Traditional telecommunications power systems consist of multiple parallel- redundant rectifiers that convert commercial ac power to “48Vdc power that charges lead-acid storage batteries and supplies power to critical-load equipment. Long battery support times are the norm, ranging from one hour to more than 24 hours, with the typical range being three to eight hours.

By contrast, most data center equipment runs on ac power, provided from a UPS. The typical UPS has approximately 15 minutes of battery storage plus a standby generator for long-term power outages. The convergence of voice and data transmission has forced ac and dc equipment to co-exist in the same facilities. Beginning with the distributed redundant power system explained earlier in this paper, two independent UPS systems support two independent power distributions systems. Each distribution system powers a set of dc rectifiers, creating 48Vdc for the telecommunications equipment. The dc load equipment has dual power cords, so it can receive power from both sets of rectifiers .An immediate advantage of this configuration is elimination of battery storage for the 48Vdc system. Instead, the dc equipment can rely on the batteries and backup generator supporting the ac UPS equipment. Engineering and installation costs should also be considerably less. System complexity and parts counts are reduced, thereby improving general reliability. This configuration is particularly applicable where the system operation is co-dependent on having both the ac- and dc-powered load equipment operational. Most importantly, the hybrid ac-dc system provides the utmost in maintainability and fault tolerance, for the highest possible overall system availability at a lower cost than conventional ac and dc power systems. Your critical load deserves nothing less.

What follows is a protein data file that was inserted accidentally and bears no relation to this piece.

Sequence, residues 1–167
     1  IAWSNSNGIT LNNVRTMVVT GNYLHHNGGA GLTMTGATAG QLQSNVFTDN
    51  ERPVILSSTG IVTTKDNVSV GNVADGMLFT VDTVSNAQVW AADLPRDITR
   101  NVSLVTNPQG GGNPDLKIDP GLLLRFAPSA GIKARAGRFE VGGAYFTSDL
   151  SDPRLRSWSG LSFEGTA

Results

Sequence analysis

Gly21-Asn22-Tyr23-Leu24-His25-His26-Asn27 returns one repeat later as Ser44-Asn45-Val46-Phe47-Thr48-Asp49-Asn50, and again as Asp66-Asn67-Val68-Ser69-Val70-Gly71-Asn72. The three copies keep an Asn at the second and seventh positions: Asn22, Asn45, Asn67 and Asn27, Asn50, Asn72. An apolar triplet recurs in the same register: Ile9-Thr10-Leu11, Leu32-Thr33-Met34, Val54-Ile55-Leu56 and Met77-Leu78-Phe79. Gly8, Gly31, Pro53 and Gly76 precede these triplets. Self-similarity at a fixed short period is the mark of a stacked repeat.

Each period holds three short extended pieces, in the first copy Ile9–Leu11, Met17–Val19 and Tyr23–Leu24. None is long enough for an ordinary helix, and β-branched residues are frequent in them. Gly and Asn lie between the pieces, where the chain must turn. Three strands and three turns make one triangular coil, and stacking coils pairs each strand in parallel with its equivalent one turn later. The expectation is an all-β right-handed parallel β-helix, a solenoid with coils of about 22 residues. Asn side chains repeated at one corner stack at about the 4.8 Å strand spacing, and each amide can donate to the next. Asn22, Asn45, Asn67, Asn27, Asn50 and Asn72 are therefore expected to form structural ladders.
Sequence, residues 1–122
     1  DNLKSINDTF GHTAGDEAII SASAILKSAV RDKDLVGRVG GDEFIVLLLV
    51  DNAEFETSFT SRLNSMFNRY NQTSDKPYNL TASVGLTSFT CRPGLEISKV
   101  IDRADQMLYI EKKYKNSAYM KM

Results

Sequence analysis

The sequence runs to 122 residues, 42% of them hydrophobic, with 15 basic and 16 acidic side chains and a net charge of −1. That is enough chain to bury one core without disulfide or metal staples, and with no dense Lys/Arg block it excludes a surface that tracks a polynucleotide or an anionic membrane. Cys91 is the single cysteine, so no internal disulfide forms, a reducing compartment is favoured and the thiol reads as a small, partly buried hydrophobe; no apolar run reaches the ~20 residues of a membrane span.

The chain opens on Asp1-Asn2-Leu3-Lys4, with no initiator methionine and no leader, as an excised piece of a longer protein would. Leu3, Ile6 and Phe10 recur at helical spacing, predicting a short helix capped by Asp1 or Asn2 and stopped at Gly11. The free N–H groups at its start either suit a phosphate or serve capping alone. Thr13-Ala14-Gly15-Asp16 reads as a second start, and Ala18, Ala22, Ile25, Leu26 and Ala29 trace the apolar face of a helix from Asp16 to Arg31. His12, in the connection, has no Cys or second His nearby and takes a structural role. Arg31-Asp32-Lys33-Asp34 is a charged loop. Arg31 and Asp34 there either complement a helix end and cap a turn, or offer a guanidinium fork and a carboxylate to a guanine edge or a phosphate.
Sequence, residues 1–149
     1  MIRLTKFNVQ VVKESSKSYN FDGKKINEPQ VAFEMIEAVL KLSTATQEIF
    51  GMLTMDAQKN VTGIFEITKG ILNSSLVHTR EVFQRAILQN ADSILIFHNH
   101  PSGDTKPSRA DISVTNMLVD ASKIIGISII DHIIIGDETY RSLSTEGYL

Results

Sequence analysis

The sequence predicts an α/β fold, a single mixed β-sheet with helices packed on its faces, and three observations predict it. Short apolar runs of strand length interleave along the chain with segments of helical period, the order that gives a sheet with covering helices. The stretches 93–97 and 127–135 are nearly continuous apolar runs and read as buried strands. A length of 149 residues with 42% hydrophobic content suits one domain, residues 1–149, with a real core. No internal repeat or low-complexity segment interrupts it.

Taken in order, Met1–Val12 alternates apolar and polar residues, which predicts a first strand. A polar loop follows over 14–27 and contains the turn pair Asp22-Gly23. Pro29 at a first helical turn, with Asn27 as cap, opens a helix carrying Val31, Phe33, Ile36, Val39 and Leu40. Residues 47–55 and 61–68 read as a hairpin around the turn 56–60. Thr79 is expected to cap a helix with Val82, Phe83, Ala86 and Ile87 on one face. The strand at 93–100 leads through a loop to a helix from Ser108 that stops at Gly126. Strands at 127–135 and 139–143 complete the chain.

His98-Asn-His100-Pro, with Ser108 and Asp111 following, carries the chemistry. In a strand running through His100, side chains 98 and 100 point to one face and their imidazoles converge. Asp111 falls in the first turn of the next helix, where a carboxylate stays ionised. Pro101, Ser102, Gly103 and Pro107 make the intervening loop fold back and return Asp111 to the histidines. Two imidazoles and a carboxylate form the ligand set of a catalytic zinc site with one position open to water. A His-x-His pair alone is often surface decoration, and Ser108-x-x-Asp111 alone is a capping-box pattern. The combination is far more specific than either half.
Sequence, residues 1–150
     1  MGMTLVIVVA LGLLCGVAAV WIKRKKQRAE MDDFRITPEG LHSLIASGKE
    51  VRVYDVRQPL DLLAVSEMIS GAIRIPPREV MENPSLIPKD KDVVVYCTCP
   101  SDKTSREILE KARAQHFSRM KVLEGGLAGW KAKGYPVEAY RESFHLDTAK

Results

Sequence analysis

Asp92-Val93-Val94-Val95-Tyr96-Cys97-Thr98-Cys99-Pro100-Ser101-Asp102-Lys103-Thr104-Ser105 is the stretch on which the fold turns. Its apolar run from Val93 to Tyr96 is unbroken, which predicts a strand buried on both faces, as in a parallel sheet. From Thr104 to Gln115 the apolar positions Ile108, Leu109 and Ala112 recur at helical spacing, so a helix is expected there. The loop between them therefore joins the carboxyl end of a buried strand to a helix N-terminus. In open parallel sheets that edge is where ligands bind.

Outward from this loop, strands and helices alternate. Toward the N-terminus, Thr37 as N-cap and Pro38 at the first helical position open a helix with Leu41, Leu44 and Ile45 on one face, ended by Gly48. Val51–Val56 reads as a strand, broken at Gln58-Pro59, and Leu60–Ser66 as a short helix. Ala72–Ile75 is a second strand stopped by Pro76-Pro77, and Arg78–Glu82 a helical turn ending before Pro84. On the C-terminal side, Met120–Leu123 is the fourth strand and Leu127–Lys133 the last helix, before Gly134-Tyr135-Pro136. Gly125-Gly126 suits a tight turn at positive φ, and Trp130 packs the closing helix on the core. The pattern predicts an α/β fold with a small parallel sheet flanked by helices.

Each of the system configurations described in this paper has its own advantages and disadvantages. The single module system will continue to be the simplest, least-expensive approach for applications that can comfortably schedule downtime for preventive maintenance and system alterations. The parallel-redundant system improves system availability and reliability, and simplifies maintenance of individual UPS modules. The isolated redundant configuration enables the facilities manager to add redundancy to an existing single-module installation. The distributed- redundant, selective-redundant, Power-Tie and hybrid ac-dc systems provide continuous availability of conditioned power.
3) Power electronics by Ned Mohan- John Wiley publications.

I express my sincere gratitude to Dr. P.M.S. Nambissan, Prof. and Head, Department of Electrical and Electronics Engineering, MES College of Engineering, Kuttippuram, for his cooperation and encouragement.
I would also like to thank my seminars guide Mrs. Jayasree N.R. (Lecturer, Department of EEE), Asst. Prof. Gylson Thomas. (Staff in-charge, Department of EEE) for their invaluable advice and wholehearted cooperation without which this seminars would not have seen the light of day.
Gracious gratitude to all the faculty of the department of EEE and friends for their valuable advice and encouragement.